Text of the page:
Friday, May 15, 2009

A Bend in the River, by V. S. Naipaul

I have the greatest trouble finding something to say about the books I really like. I did just buy as much Naipaul as Powells would sell me, so maybe I'll get another few cracks at him soon, but we'll see what I can scratch out here.

I suppose what appeals to me about Naipaul, and about this book, is simply its unerring sense of order, and its belief that order is not the antithesis of complexity. It takes the most bewildering forms of cultural and political disorganization—diasporas, failed states, state-sponsored violence, "free" markets—and organizes them without any attempt to contain or simplify them, and without transmogrifying them into symbols or metaphors. There is symbolism (some characters, as you'll shortly see, are even quite fond of it), but it isn't the plane of action or even of thought within the novel. A Bend in the River opens with the quote which Patrick French would turn into the title of Naipaul's biography: "The world is what it is." And that is, inconceivably, what you get in this book.

That is not to say that I believe Naipaul can substitute for sociological, historical, or political analyses, or that his artistic truths are identical to the truths such analyses might generate, and that substitutions can be made. And I do not mean to suggest that Naipaul is the grittiest of realists; he is vigilant about details, but he seems blessedly superior to any anxiety about le mot juste, and verisimilitude seems to be less an aesthetic endeavor than a conceptual one.

The point is, everything works: there is a wholeness and consistency to Naipaul's vision that is absolutely formidable, as if the novel wasn't even written on anything so discrete and serial as the page (and I don't mean that it was written Kerouac-style on a scroll).

As I said, I have difficulty finding adequate terms for praising books I really like, and I think I'd like to wait on any kind of exegesis of the book until I've read more of Naipaul's work. So I'll just leave you with this passage. Naipaul describes a sort of etiology for jetlag, which has been done numerous times (I think I can recall a passage about it as recently as Netherland), but it quickly turns :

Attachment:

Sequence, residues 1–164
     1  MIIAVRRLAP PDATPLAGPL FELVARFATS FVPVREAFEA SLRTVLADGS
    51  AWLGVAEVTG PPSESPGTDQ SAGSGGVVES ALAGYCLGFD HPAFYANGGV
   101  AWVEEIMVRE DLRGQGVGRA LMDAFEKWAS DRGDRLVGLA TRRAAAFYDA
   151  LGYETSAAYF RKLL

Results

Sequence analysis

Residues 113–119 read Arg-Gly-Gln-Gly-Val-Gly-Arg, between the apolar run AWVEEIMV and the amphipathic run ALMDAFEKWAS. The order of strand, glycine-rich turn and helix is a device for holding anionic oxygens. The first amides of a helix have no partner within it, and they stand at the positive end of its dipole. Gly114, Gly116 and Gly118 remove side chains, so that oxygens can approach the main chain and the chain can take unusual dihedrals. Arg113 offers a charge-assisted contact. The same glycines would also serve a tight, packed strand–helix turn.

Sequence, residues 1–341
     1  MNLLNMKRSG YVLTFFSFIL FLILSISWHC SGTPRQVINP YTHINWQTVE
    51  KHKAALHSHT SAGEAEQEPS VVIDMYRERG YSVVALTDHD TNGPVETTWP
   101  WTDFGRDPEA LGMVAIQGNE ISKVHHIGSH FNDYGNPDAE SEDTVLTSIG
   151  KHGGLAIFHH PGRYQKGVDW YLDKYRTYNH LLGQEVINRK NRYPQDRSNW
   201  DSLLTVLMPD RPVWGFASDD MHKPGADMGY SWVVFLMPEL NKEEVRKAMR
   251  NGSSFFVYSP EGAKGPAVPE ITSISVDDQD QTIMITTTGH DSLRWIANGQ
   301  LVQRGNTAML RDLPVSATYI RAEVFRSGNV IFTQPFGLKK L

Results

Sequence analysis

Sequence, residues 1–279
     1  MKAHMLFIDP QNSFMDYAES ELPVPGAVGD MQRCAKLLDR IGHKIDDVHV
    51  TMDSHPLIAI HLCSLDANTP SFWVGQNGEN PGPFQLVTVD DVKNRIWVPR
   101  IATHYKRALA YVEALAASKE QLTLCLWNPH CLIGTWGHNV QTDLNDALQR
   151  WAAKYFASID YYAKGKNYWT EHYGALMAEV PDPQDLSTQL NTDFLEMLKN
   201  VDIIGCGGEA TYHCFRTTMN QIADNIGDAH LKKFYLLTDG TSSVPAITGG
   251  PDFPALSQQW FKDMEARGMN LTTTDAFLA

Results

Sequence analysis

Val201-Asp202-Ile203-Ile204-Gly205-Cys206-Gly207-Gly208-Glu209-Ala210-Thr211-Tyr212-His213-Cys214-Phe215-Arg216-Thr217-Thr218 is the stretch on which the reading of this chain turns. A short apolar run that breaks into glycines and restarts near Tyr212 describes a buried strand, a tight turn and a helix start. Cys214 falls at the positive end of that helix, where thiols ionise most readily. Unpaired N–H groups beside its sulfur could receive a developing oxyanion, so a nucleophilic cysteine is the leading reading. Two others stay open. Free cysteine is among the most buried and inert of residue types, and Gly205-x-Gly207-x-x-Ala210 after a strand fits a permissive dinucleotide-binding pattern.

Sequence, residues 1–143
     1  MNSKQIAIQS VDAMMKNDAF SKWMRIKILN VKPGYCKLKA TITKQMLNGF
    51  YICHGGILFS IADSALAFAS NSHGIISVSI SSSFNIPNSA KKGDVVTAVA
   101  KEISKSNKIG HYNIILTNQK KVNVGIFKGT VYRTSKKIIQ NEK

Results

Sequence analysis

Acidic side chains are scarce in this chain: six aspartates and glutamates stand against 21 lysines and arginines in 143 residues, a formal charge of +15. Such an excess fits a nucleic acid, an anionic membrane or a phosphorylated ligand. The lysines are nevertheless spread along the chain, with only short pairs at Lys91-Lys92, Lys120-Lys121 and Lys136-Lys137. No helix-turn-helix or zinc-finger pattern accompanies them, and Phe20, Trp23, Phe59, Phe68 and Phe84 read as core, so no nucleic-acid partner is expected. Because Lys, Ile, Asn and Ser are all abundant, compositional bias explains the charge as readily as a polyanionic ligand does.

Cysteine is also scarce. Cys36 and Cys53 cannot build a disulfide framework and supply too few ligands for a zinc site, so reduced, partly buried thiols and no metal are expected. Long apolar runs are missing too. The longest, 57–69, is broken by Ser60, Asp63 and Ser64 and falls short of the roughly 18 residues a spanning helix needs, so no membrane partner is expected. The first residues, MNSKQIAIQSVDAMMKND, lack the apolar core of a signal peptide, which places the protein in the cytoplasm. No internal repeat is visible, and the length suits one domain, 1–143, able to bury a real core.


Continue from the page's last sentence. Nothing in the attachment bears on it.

Indar said, "I didn't want to go back. Not the first time. I didn't think my heart could stand it. But the airplane is a wonderful thing. You are still in one place when you arrive at the other. The airplane is faster than the heart. You arrive quickly and you leave quickly. You don't grieve too much. And there is something else about the airplane. You can go back many times to the same place. And something strange happens if you go back often enough. You stop grieving for the past. You see that the past is something in your mind alone, that it doesn't exist in real life. You trample on the past, you crush it. In the beginning it is like trampling on a garden. In the end you are just walking on ground. That is the way we have to learn to live now. The past is here." He touched his heart. "It isn't there." And he pointed at the dusty road.

3 comments:

LML said...

"there is a wholeness and consistency to Naipaul's vision that is absolutely formidable, as if the novel wasn't even written on anything so discrete and serial as the page"

I know what you mean, and I think it's this quality that makes Naipaul hard to assess properly without reducing the work to sociology. There are plenty of experts on the issues connected to his subject matter, but his art is very elusive. In his best work, a masterful artlessness--so confident in his powers of representation that he doesn't stoop to showy effects of any sort--allows him to create an illusion of organic wholeness, as if these complex narratives are everywhere already alive in the world and narrators need only cut through the surrounding tangle to find them and free them.

Sunil said...

I relate to what you have written. I regard The Bend in the River as one of the remarkable novels of the twentieth century. I guess its identity lies in the lack of an identity. A pastiche of story telling the writer doesn’t let a single voice or a character to narrate reality. I thought it beautifully captured change as it was, as it happened, in strokes and patches as though it was a painting painted by different characters which ultimately adds up to something which only the reader can access. You have Indar who is desparately trying to trample the past while Raymond whose sole identity is in studying the past, yet they relate to each other, yet they never ask why they relate.

Andrew Seal said...

LML, many times I wish you could write my blog for me--that is exactly what I was trying to get at.

Sunil, I suppose I tended to think of the novel less as a pastiche than as something that is so expansive that it naturally includes a great deal of disparate matter, but perhaps those things aren't really very different? I really like what you say about the different characters, although for me the experience of Salim's constant presence was absolutely overwhelming (in a good way)--it wasn't that he crowded out the other characters or interfered with my access to them, but that as if I always wanted to compare notes with him about their ways and ideas, if that makes sense.